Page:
What is the treatment of choice for all breast cancer patients Chemotherapy Wrong.
Blasting women with toxic chemicals has so far been considered the best way to save their lives. The bigger the cancer or the more it's spread, more the poison pumped into the veins of women to kill it. But this approach has undergone a sea change in 2004.
According to guidelines recently adopted in Europe unveiled this weekend at a conference in Texas, very few women with breast cancer get chemotherapy in future. The new approach calls for choosing a treatment based on each woman's particular type of tumor.
So far all decisions were being made on the size of the tumor and the involvement of the lymph nodes. The treatment differed according to the amount of cancer one had.
Under the new rules, hormone status — whether a tumor's growth depends on estrogen or progesterone — becomes the single most important factor in picking treatment. The approach here would be more a hormone blocker rather than chemotherapy.
Women have reason to dread chemotherapy. Chemo is a sledgehammer that comes down heavily on all rapidly dividing cells—whether they are out-of-control cancerous cells or healthy ones that naturally grow quickly, like those lining the mouth and stomach. That is why chemotherapy causes hair loss, nausea and mouth sores.
But the worst part is that chemotherapy helps only about 15 percent of breast cancer patients after the usual surgery to remove their tumors. Roughly 25 percent of them get worse despite receiving chemotherapy. More shocking, as many as 60 percent of them would have been fine with hormones alone.
'It is not to say that chemotherapy is no value. It is just to say that the value is smaller in women with hormone-driven disease,' said Dr. Robert Carlson, a Stanford University physician who led the U.S. guideline-writing group. The question now is to determine whether the benefit is so small that oncologists should not be recommending chemotherapy.
There have been several developments of late which help doctors decide who really needs chemotherapy.
First is the realization that breast cancer is an umbrella of diseases with different causes, arise from different types of cells, are driven by different genes, and tend to be different in women before or after menopause.
For instance, as many as three-fourths of women after menopausal have tumors fueled by estrogen, called ER-positive disease. In these cases, drugs that block this hormone, like tomoxifen and aromatase inhibitors, a new class of medications can successfully combat those cancers — whether or not they have spread to lymph nodes.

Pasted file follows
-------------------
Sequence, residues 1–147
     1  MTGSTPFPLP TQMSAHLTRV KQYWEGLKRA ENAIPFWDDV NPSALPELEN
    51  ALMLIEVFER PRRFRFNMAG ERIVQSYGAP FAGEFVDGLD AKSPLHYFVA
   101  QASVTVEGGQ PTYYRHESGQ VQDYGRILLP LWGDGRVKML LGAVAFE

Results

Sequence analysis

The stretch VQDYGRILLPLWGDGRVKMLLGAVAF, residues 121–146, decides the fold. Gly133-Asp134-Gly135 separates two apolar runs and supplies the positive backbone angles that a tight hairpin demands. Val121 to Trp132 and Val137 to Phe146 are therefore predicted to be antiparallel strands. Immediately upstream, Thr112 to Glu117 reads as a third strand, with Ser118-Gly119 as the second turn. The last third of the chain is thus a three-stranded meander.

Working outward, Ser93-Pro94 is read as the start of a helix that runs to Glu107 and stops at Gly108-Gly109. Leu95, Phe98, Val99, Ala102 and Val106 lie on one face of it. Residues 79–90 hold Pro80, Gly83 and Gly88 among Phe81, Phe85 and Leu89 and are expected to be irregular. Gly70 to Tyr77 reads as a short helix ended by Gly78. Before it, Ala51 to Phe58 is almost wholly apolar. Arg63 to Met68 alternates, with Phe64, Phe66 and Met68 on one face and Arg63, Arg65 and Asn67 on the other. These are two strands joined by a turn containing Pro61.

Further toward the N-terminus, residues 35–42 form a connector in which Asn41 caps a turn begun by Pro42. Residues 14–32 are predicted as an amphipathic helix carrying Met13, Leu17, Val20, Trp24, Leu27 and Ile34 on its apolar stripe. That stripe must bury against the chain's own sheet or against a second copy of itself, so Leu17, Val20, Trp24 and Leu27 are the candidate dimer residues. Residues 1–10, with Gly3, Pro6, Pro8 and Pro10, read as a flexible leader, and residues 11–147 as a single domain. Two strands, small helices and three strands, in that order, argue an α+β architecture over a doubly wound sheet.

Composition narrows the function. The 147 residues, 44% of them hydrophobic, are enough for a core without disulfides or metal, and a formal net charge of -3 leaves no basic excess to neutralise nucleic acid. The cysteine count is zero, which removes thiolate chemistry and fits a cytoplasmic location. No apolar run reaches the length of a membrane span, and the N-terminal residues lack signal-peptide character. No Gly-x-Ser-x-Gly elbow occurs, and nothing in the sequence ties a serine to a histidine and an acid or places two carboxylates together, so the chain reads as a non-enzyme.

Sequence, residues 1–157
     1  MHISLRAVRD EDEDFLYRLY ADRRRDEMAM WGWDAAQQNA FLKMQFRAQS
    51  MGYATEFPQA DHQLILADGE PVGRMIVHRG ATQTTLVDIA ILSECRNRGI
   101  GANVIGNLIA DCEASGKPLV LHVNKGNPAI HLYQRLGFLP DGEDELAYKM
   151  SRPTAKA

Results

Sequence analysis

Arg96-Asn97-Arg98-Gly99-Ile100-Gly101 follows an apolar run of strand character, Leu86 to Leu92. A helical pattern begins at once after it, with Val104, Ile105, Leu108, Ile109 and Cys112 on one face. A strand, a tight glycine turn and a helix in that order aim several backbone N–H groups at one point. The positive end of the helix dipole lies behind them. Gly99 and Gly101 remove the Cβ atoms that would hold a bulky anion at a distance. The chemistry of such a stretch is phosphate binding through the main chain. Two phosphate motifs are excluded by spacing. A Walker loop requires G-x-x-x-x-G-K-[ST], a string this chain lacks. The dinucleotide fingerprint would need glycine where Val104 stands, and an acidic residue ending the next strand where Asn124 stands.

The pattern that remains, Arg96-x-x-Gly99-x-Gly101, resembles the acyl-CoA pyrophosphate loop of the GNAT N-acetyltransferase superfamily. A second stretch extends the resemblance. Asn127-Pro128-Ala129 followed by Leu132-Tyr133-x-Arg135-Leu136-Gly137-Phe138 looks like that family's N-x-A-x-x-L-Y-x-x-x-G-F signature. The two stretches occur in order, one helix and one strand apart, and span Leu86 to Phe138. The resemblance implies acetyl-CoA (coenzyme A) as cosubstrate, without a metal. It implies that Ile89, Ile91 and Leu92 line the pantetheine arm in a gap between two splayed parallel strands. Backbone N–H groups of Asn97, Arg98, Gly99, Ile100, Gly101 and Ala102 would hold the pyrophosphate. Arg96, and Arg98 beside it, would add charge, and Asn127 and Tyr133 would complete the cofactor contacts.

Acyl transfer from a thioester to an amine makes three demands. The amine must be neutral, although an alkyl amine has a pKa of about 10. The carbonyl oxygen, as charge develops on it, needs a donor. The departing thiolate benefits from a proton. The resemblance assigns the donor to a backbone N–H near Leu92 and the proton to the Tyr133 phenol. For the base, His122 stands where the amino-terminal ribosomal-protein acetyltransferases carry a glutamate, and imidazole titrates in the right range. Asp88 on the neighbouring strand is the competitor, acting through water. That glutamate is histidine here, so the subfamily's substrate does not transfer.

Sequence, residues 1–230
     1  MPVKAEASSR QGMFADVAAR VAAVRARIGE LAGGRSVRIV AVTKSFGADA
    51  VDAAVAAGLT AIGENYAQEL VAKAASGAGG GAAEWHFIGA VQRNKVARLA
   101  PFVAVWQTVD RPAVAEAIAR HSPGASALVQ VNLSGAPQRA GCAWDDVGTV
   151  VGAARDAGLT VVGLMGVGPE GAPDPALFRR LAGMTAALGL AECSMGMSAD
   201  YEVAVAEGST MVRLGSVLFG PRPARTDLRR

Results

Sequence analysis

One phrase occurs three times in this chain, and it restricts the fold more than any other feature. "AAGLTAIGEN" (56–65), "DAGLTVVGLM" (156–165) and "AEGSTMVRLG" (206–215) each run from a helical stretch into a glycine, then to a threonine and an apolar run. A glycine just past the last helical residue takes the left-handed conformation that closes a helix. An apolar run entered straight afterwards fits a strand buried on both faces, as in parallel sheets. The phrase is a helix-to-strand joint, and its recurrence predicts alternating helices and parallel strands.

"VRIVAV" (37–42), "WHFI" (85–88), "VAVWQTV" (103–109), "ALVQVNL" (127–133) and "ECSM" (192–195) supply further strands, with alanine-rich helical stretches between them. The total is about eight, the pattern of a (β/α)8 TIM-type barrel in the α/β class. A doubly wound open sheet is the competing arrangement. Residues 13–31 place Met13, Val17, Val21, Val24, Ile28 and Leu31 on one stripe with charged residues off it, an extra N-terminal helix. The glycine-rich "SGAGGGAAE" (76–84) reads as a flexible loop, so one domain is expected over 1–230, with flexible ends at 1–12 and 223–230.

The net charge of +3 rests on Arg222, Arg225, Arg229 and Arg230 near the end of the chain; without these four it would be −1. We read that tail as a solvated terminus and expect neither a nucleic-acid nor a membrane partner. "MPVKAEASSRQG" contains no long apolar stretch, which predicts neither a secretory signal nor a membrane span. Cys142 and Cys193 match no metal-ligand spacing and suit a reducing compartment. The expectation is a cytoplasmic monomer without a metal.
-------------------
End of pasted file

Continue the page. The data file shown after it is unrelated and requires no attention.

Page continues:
On the other hand, women before menopause often have tumors that are ER-negative and orchestrated by bad genes. Hormones do not help in that case; these women benefit most from chemotherapy.
If hormone drugs are highly focused pin-head hammers compared to chemotherapy, medication like Herceptin is even more refined, targeting the one-fourth of breast cancers that have too much of protein on cell surfaces called HER-2 and leaves healthy cells alone.
A woman's HER-2 status is the next factor doctors will consider, after hormone status, in choosing treatments under the new guidelines.
You can see the possibilities: half of HER-2 tumors are ER-positive, but only 10 percent of ER-positive tumors are HER-2-negative. These are not black-and-white distinctions, either. Tumors can be weakly ER-positive or negative; same for HER-2.
Doctors are now armed with new high-tech lab tests to sort out the gray areas. These tests measure the activity of dozens of genes and reveal which ones are most active and what treatments would work best.
One such test, Oncotype DX, is becoming popular among doctors after presentations at the Texas cancer meeting last year showed its ability to predict which women benefit from tamoxifen and which do best on chemotherapy.
The test is expensive — $3,400 — but many insurers cover it because it often prevents even more costly and unnecessary chemo. It is the test of choice when situations are complex and treatment choices aren't obvious.
Here, the accuracy of lab tests becomes a life-or-death matter, as doctors rely on them to determine factors like hormone and HER-2 status. Doctors warn about the wide variation in the quality of such tests, whether low- or high-tech.
The new guidance was developed by the National Comprehensive Cancer Network, a group of leading cancer treatment centers, in cooperation with the American Cancer Society. They soon will be published and are available now on the network's web site, http://www.nccn.org.